BySteven Brinn, writer at Creators.co
Covering action movies, horror and assorted other wackiness. Follow me on Twitter: @douchebagbatman
Steven Brinn

One of the most fascinating things about horror is how various parts of the world interpret the genre. Whether it is the outdoorsy horror of America or the supernatural tales from Japan, each nation seems to have its own take on terror. One of the most fascinating countries when it comes to horror movies is Australia. Australian horror is similar to American horror, but with more of a mean streak running through it. A perfect example of this is IFC Midnight's Killing Ground.

Starring Harriet Dyers and Ian Meadows, Killing Ground is about couple Sam and Ian going on a camping trip together. Worried by an abandoned tent nearby, they are shocked to discover a lone toddler wandering in the forest. Pursued by local hunters German and Chook, the couple are pushed to the edge, exposing a horrifying side of themselves they never could have imagined.

The feature debut of writer-director Damien Power, Killing Ground takes the evil redneck subgenre and pushes it to the extreme, with the roughness that only Australian filmmakers can pull off. In fact, since the year 2000, we have seen a significant uptick in quality when it comes to Australian . If you still need more proof, here are five of the best Australian horror movies of the 21st century.

5. Mad Max Meets Romero In Wyrmwood: Road Of The Dead

  • Director: Kiah Roache-Turner
  • Starring: Jay Gallagher, Bianca Bradey, Leon Burchill
  • Year Released: 2014

As the zombie apocalypse ravages Australia, mechanic Barry is forced to kill his wife and son. Across the country, Barry's sister Brooke is taken by a shadowy paramilitary group. Gearing up and with nothing to lose, it's a race against time for Barry, who has to find Brooke before the mysterious group experiments on her.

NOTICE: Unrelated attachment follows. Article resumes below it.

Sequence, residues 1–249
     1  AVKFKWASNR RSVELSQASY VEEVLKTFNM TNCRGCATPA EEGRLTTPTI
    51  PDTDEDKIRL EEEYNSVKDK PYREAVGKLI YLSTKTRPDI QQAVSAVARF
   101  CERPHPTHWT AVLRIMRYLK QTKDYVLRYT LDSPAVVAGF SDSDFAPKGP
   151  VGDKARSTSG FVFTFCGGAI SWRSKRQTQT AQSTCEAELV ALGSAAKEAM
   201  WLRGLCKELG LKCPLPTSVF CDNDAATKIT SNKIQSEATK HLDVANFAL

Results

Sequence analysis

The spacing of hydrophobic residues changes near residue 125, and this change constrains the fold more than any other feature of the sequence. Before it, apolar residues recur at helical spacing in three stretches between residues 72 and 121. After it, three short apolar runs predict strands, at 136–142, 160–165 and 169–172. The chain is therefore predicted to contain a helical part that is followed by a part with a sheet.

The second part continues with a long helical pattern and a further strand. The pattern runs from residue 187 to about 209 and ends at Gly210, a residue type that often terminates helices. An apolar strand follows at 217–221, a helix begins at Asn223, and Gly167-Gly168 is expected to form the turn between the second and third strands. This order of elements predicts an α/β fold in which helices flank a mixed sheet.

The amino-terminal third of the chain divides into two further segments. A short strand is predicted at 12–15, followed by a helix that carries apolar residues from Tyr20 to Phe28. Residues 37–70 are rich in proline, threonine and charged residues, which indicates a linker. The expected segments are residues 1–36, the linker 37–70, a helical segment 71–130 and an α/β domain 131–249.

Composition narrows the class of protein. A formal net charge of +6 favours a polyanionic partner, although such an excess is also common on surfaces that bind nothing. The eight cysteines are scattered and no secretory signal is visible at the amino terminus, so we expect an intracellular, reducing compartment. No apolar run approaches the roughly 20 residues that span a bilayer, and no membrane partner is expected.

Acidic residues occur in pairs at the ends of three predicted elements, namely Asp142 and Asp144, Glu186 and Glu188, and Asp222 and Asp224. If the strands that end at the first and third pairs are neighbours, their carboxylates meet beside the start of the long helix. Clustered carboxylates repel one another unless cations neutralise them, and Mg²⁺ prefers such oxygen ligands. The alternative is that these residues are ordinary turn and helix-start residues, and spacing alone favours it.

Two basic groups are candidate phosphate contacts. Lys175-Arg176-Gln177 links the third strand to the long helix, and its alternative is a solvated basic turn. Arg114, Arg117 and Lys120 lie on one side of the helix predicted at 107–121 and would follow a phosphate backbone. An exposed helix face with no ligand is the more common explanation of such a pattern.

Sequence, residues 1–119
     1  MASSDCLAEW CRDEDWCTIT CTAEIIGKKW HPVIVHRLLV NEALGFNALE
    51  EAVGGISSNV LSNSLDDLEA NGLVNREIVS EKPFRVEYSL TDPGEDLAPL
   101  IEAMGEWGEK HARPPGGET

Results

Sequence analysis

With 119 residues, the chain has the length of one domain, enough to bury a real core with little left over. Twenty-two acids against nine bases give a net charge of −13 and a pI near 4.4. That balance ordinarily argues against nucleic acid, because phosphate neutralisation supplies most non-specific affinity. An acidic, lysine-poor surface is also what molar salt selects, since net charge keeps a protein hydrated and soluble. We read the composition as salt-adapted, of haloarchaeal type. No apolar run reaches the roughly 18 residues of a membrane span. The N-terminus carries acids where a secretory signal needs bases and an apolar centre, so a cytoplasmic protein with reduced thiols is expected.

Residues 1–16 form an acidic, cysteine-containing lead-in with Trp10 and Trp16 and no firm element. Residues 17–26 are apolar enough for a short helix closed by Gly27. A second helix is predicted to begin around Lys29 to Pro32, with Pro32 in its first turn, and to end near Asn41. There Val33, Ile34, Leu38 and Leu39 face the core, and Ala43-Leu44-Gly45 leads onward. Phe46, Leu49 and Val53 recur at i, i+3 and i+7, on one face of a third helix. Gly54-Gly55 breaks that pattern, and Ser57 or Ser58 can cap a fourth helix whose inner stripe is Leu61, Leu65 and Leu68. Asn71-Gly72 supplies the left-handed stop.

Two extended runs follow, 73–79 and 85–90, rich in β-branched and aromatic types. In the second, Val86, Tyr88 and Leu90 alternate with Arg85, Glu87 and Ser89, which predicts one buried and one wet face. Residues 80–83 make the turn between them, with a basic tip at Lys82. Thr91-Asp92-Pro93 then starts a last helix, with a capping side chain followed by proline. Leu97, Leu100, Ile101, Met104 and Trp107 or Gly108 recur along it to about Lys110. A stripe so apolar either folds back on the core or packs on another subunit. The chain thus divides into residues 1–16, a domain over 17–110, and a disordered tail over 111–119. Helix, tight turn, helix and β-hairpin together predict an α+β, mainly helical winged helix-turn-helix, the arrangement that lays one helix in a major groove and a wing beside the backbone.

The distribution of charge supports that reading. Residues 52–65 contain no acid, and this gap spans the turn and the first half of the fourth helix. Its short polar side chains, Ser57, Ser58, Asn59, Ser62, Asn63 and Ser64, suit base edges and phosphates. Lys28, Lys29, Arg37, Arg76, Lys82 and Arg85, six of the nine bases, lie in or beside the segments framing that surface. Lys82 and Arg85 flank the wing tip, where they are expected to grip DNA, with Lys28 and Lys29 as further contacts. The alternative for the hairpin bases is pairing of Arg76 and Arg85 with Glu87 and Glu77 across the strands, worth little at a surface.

From Italy's Zombi to China's Bio Zombie, every country has their own take on the undead, and Australia is no different. What makes Wyrmwood: Road of the Dead special is how it borrows from another icon of Australian film: Mad Max. Like George Miller's sci-fi classic, Wyrmwood uses Australia's unique environment to create the perfect post-apocalyptic environment. That isn't to say that's all the film has though. It is very reminiscent of early Peter Jackson mixing over-the-top comedy with even more over-the-top gore effects. With a Wyrmwood television show currently in the works, this indie feature is the perfect jumping-off point for this blood-soaked zombie apocalypse.

4. The Worst Prom Ever In The Loved Ones

  • Director: Sean Byrne
  • Starring: Xavier Samuel, Robin McLeavy, Victoria Thaine
  • Year Released: 2009

Lola Stone isn't asking for too much, just a date to the prom. When Brent tells her no, her father kidnaps him to make her dream come true. With the help of Daddy, she holds a prom of her own, determined to make it the best prom night ever — by any means necessary.

By the time the 2000s were ending, splatter films had been played out. In 2009, it took more than just being so called torture porn to stand out. Instead of just delivering a wannabe Hostel, director Sean Byrne blended elements of Carrie and Fatal Attraction. While each element sounds wildly different, when mixed together it works out surprisingly well. A lot of this is thanks to a stellar performance from Robin McLeavy as Lola. Even though she is clearly obsessed, and driven to madness, there's a certain sweetness she brings to the role; a lovelorn veneer that makes her psychosis all the scarier. Add some great twists and brutal imagery and The Loved Ones is one prom night you won't soon forget.

3. Nature Fights Back In Rogue

  • Director: Greg McLean
  • Starring: Sam Worthington, Michael Vartan, Radha Mitchell
  • Year Released: 2007

Working for a travel magazine, Pete and Kate are sent to Australia, where they join a group of tourists on a river cruise through Australia's Northern Territory. Spotting an upturned ship, they soon discover that they are in the territory of a giant crocodile. Stuck in the middle of Kakadu National Park, the group must not only survive the crocodile, but the surrounding environment as well.